The piano and my past
Some people say the best things in life are free.
In many ways, I find it true.
A few days ago, I dropped the Yupangco building along Buendia looking for an electronic keyboard that a brother-in-law wanted to buy.
The Yupangcos, I learned are one of the biggest dealers of musical instruments in the Philippines.
Upon entrance to their grand store, what immediately caught my eye was this grand piano, that was extraordinarily large.
That was the first time in my life I saw such grand piano of such size, "in the flesh", so to speak.
I was so excited I had my picture taken right beside it, like perhaps having my-self photographed with a superstar.
In the picture, I thought I looked more like a piano salesman.
I interviewed the lady in the store.
I was shocked to hear its purchase price: P14-million pesos (US$333,000).
Is there a piano costing that much, like that of a Porsche?
The lady responded, its P14-million because it old.
The brand new costs P25-million.
If you rent it, it costs P50,000, she added.
My goodness, I said.
"Will you charge me if I touch it?" I asked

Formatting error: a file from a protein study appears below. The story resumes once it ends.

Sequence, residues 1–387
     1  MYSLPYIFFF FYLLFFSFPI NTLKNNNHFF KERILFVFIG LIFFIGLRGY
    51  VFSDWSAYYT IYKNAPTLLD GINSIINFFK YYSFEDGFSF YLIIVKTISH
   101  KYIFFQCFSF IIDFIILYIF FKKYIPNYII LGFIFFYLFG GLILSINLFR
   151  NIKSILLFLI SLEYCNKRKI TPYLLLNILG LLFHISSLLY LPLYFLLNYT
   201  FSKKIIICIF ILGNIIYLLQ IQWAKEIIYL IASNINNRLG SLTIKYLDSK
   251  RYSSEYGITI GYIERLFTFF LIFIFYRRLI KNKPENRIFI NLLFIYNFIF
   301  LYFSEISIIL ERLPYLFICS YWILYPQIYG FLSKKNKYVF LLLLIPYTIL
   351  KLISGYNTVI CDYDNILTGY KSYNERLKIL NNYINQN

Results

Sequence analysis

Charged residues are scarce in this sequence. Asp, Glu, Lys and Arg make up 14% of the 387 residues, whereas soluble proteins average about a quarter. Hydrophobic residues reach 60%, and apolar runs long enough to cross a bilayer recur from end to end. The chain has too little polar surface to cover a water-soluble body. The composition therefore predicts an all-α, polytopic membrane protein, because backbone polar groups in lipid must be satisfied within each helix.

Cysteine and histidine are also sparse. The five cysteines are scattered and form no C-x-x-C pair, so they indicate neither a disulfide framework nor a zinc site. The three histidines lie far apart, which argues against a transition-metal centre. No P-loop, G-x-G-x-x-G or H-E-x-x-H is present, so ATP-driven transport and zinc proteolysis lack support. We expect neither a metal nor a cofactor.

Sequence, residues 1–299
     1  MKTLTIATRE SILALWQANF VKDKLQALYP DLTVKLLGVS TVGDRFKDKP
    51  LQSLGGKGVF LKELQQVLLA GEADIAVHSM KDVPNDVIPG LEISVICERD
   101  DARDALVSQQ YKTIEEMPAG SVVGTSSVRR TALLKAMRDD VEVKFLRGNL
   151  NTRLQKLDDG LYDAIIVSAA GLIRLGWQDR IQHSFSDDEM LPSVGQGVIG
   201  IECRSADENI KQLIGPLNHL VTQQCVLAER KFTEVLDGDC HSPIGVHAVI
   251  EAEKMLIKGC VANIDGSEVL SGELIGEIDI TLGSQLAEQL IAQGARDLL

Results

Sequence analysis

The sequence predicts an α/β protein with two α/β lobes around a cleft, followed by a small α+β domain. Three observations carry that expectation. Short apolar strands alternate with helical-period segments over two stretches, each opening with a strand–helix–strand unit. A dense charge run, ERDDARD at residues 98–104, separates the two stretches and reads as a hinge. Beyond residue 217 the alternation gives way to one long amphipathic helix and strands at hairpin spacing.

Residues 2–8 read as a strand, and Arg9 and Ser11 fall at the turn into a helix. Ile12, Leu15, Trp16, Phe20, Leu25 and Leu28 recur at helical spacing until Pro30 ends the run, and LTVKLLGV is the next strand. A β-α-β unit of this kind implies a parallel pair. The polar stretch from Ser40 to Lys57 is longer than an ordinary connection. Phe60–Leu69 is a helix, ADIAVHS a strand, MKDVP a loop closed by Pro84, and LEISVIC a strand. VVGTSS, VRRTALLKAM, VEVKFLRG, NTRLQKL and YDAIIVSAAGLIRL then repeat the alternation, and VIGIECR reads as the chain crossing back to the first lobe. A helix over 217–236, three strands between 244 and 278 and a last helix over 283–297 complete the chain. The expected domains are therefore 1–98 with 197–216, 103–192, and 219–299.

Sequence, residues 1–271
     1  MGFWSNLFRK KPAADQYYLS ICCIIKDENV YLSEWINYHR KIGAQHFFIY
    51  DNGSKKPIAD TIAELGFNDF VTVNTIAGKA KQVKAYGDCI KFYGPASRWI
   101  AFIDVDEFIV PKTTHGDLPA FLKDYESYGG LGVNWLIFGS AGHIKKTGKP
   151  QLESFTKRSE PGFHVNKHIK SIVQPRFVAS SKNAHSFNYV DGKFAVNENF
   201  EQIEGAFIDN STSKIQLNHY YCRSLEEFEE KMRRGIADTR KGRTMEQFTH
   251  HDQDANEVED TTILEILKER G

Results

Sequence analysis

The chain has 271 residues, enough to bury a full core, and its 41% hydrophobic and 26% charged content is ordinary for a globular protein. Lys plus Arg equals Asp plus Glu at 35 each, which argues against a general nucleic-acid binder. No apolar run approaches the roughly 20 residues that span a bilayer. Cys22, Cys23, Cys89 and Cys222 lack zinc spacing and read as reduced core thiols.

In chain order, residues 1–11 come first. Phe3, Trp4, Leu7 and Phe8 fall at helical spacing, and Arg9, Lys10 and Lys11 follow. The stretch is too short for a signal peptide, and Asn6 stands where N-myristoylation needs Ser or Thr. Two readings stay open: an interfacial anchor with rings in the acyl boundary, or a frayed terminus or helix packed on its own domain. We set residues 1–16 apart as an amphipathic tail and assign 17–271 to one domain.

The lady responded, "You can play even for free, if you know how."
"Really?" I asked, beaming.
Go ahead, she responded
I lost no time.
I sat down and played "How Lovely Is your Dwelling Place by Fr. Arnel Aquino."
And I was in awe, listening to the sound of each ivory key that I pressed.
It has been decades since I stopped playing the piano regularly, but I had a kid-feeling that moment, like I have never felt in a long long time.
I felt I was in a recital, savoring the sound of that piano reverberating throughout that sprawling Yupangco showroom.
After I did the piece, the store lady relayed to me the people who had rented and used it in the past, like David Foster and Ryan Cayabyab.
It was quite a pleasant afternoon.
Even for just a moment, I rekindled one of the nicest feelings of my childhood, which was performing at a piano recital.
That elegant grand piano became a time-machine, taking me to my distant past, relieving my musical memories.
The bonus part, I played the 'grandest' piano, at no cost at all.
Indeed, the best things in life are free.